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If you haven’t heard, .co is a new domain extension that is vying to become a legitimate player on the Web. Like .com, .org, .net, and other domain endings, .co is called a top-level domain (TLD). For as long as the World Wide Web has existed, .com has been the TLD of choice. Sure, there is .net, .info, .tv, and others, but for most people, those just don’t seem quite as desirable. Will .co be any different?

Why .co Might Be Different
First, as the people behind .co are quick to point out, “.co” calls to mind immediate connotations with “company” and “commerce.” It seems more legitimate, from a business standpoint, than .net or .info.

Second, there are a finite amount of .com domains. Already, it is difficult to find short and/or keyword-rich domains ending in .com, and these domains will only grow more scarce over time. At some point, people will need to branch out into other TLDs. In the last two or three years, people have begun to explore using country-specific TLDs to create memorable domains (e.g. bit.ly – .ly is the ccTLD of Libya). In fact, though the official .co site (cointernet.co) does not loudly advertise this fact, .co is actually the ccTLD of Colombia, which has now been opened up to international registration.

Once upon a time, a toll-free, 800 number was critical to business success in some industries. But eventually, they ran out of 800 numbers. Now there are four toll-free area codes in the US – 800, 888, 877, and 866. At first, these other area codes were not as widely recognized as the 800 standard, but today, I think that they are almost equally accepted and valued. I believe a very similar thing could happen with the .co domain.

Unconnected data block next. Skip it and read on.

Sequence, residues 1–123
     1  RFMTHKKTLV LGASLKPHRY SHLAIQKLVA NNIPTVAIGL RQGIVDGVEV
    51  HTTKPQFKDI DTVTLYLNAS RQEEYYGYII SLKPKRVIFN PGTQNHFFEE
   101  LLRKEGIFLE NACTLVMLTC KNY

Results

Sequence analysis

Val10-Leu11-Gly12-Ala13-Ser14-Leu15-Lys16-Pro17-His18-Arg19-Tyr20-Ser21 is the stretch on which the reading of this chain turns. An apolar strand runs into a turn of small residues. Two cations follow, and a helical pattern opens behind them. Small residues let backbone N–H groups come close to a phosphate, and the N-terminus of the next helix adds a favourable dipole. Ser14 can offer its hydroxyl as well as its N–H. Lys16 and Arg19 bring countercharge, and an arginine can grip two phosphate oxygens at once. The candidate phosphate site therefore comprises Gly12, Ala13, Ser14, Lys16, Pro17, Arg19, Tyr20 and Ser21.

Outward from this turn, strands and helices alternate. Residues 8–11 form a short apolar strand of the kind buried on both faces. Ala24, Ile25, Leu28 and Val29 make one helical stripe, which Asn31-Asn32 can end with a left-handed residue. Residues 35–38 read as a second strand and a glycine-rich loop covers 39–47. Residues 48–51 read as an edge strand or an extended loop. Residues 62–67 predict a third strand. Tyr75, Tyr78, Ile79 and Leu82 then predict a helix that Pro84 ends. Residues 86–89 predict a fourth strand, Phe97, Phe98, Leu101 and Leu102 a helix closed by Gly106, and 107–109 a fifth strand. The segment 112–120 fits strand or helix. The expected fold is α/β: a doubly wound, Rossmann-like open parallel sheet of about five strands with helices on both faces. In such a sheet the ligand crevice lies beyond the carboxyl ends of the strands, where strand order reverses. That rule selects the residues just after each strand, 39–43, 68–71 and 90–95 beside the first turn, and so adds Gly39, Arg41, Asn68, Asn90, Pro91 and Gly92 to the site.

Should I Buy?
From now until June 10th, companies can register for a .co domain with their trademarked name. For example, Pepsi can apply for pepsi.co. Starting June 21st, the .co registry will begin accepting general applications for .co domains.

If you own a business, I think it is a smart move to protect your brand in this new .co space. For a relatively small fee, you could protect yourself from competing with [Your Name Here].co some time in the future.

However, there are other people out there, still kicking themselves for not buying great .com domains in 1994, who view .co as their second chance to strike it rich. To these people I would advise some caution. There is no guarantee that .co will become the incredibly valuable property that some might hope. In addition, registration very recently began on .com‘s with non-Latin characters. It is now possible to purchase domains with Cyrillic, Arabic, and other characters that do not appear in English. This means that the pool of potential .com domains has increased greatly, and may be sufficient for many more years (though domain registration is likely to continue growing at an exponential rate).

Still have questions? Visit the official site, where you can also find the details on when and how you can register your .co domain.

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